“That was a way for the government to avoid having the liability put on the Pension Benefit Guaranty Corporation,” he said. Bankruptcy courts often discharge corporate pension obligations to the government insurance fund.

“They dodged a bullet there and pushed it back to the union,” Mr. Coffey said. “Now, they’ve made them whole and screwed the bondholders.”

Steve Rattner, the White House auto czar who engineered the deal, repeated the position he took throughout the bankruptcy — that the bondholders would have ended up with nothing if the government hadn’t intervened.

“I think everybody was treated fairly,” he told Bloomberg News last week. “If we had not saved General Motors, those bonds would be worth exactly zero.”

UAW President Bob King celebrated the success of the stock offering last week. “We know that for the long-term viability and success of our membership, General Motors has to be successful,” he said.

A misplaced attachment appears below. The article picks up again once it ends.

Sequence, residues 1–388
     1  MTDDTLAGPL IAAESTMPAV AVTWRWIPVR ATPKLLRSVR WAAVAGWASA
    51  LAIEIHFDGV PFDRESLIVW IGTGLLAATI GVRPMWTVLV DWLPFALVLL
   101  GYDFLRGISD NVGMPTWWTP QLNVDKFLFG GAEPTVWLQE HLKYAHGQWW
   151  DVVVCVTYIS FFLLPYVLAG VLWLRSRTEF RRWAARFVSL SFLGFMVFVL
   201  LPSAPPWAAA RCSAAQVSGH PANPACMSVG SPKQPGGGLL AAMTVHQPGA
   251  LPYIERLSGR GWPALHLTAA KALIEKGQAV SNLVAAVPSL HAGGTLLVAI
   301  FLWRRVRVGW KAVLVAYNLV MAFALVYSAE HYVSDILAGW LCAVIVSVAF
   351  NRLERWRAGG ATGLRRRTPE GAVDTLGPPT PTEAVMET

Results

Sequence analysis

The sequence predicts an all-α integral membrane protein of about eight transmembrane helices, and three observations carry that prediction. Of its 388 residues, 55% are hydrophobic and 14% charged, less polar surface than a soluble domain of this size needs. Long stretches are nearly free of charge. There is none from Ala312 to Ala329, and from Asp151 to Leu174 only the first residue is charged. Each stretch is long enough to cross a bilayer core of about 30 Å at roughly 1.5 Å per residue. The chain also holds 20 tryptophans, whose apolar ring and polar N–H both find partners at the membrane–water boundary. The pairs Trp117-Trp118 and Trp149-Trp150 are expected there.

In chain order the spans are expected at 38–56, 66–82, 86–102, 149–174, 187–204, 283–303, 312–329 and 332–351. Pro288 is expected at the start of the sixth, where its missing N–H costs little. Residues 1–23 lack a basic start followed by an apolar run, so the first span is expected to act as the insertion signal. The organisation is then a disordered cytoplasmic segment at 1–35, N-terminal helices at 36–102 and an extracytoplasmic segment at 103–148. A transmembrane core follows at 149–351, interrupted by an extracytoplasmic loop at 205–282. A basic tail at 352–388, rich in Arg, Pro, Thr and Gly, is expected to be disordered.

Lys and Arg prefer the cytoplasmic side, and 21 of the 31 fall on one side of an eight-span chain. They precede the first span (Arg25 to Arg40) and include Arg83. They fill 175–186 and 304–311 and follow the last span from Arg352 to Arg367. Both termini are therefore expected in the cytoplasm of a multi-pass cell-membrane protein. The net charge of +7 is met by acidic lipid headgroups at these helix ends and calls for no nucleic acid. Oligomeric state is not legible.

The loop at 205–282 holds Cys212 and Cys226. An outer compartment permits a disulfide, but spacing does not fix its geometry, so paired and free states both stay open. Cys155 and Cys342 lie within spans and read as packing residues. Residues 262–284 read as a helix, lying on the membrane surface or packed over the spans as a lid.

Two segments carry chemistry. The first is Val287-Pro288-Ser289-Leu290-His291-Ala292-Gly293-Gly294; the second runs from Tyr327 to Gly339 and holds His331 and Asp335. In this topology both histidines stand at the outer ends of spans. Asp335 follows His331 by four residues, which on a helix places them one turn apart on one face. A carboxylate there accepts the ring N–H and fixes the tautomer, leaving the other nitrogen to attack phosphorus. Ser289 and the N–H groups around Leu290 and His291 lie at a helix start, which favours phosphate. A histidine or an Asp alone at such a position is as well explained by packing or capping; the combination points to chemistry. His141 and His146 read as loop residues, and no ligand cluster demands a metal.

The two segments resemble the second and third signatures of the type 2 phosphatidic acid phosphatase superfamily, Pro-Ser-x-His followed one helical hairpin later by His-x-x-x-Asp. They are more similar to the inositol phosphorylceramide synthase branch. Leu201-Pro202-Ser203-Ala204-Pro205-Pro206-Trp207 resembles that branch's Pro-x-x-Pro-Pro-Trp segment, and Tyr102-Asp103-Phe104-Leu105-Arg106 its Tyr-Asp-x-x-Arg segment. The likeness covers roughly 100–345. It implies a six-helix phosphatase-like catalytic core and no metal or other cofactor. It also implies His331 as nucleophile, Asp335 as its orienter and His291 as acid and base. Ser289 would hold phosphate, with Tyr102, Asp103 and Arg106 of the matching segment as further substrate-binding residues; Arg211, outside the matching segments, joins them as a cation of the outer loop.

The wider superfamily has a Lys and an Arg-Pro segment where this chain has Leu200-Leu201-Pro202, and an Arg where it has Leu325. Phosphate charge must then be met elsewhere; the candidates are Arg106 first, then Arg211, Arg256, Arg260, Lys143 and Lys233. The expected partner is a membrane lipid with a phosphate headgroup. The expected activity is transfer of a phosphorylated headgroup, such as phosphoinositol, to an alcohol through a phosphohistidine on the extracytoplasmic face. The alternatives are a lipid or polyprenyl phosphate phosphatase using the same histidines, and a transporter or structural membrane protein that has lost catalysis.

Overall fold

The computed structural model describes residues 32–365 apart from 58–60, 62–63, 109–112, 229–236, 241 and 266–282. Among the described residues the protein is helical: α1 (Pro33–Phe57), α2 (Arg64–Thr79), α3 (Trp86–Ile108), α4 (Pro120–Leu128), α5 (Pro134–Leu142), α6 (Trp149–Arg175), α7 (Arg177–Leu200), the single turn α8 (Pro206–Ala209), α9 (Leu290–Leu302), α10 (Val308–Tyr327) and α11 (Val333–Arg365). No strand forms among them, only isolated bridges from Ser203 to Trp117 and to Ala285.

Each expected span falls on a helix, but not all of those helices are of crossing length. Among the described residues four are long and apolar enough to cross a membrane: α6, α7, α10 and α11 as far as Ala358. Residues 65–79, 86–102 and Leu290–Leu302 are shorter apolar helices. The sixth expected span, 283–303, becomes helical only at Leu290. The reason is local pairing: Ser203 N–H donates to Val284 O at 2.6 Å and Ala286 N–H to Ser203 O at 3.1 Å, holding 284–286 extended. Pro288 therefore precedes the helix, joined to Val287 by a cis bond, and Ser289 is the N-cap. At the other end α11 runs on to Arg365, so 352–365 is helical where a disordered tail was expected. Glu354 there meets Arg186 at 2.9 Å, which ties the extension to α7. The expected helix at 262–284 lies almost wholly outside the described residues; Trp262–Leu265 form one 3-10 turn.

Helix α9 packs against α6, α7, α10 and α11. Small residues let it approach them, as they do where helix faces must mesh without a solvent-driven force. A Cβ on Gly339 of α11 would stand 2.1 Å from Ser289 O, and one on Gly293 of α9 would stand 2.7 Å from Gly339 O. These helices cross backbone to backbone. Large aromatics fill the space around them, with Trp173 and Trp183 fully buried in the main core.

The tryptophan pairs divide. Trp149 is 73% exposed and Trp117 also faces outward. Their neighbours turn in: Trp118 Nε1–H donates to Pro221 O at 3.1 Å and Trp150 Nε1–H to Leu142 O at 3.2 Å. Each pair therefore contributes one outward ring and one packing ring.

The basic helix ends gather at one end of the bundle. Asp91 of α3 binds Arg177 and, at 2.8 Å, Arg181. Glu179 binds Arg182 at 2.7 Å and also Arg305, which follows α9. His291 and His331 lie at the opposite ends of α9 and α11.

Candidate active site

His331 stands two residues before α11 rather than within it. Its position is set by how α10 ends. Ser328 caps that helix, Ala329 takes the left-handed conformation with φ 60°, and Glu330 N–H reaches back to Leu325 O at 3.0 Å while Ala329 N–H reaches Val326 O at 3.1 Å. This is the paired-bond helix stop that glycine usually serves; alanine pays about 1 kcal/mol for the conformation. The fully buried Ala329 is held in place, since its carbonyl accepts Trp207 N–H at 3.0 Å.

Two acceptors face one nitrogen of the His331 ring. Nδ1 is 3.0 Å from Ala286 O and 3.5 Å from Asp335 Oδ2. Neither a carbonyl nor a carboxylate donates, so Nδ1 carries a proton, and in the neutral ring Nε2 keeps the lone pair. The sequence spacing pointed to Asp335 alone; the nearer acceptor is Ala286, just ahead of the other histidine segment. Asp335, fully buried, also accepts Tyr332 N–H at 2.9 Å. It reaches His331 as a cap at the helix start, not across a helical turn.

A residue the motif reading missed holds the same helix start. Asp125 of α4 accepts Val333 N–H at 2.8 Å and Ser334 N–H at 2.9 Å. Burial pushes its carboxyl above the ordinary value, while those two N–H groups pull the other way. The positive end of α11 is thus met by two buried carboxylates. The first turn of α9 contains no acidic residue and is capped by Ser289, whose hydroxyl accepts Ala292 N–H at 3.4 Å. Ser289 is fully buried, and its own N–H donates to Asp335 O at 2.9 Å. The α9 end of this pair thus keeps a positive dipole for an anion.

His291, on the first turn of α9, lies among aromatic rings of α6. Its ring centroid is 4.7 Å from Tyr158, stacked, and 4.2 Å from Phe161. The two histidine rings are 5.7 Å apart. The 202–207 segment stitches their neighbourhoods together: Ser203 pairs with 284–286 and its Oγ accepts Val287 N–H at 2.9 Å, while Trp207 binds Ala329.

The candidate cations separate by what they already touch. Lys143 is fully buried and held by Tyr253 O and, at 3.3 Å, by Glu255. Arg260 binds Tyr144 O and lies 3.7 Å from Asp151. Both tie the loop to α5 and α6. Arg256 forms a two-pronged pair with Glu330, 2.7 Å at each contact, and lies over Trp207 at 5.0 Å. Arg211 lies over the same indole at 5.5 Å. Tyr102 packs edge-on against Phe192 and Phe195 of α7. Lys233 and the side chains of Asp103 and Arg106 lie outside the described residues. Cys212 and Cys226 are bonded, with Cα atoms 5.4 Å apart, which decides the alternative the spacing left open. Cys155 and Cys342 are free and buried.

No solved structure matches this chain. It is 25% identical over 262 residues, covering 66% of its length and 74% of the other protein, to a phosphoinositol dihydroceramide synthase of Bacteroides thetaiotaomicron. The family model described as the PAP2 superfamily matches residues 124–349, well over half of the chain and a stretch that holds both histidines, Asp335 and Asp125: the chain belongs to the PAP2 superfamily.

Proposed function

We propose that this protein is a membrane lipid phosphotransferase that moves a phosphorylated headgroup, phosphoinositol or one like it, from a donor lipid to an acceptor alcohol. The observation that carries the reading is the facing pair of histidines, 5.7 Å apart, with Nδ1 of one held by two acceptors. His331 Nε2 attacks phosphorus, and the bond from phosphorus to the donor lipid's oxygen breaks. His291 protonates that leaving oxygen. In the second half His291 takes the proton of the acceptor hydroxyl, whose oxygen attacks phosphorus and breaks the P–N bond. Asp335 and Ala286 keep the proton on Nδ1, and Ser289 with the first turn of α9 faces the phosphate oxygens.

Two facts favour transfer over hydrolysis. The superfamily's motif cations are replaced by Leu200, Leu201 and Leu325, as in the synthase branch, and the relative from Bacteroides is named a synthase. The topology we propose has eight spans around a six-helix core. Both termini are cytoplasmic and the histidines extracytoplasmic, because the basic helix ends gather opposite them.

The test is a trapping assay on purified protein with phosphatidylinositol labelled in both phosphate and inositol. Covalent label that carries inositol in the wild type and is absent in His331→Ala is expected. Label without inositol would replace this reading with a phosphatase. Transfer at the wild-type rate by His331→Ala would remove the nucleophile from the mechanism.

He hinted that the union in the next round of collective bargaining that begins next summer may seek to recoup still more of the concessions it made in bankruptcy, given GM’s growing profitability.

“The best outcome is a successful GM that then shares fairly with our membership,” he said.

John Paul McDuffie, a professor at the Wharton School of Business, said the full funding of the union’s pension and health care trust fund through the bankruptcy process represents progress because it helped solve one of most “persistent and difficult” bones of contention between GM and its union.

GM and the UAW had been at loggerheads for years over how to deal with GM’s so-called “legacy” costs — funding the generous worker health care and retirement benefits it promised in earlier eras.

The bankruptcy settlement enabled GM to proceed with a hard-won 2007 plan it negotiated with the union to spin off those huge liabilities and let them be funded in the future by the trust fund that received the stock.

Mr. McDuffie said the bankruptcy also proved useful in forcing the company to learn to survive in turbulent times.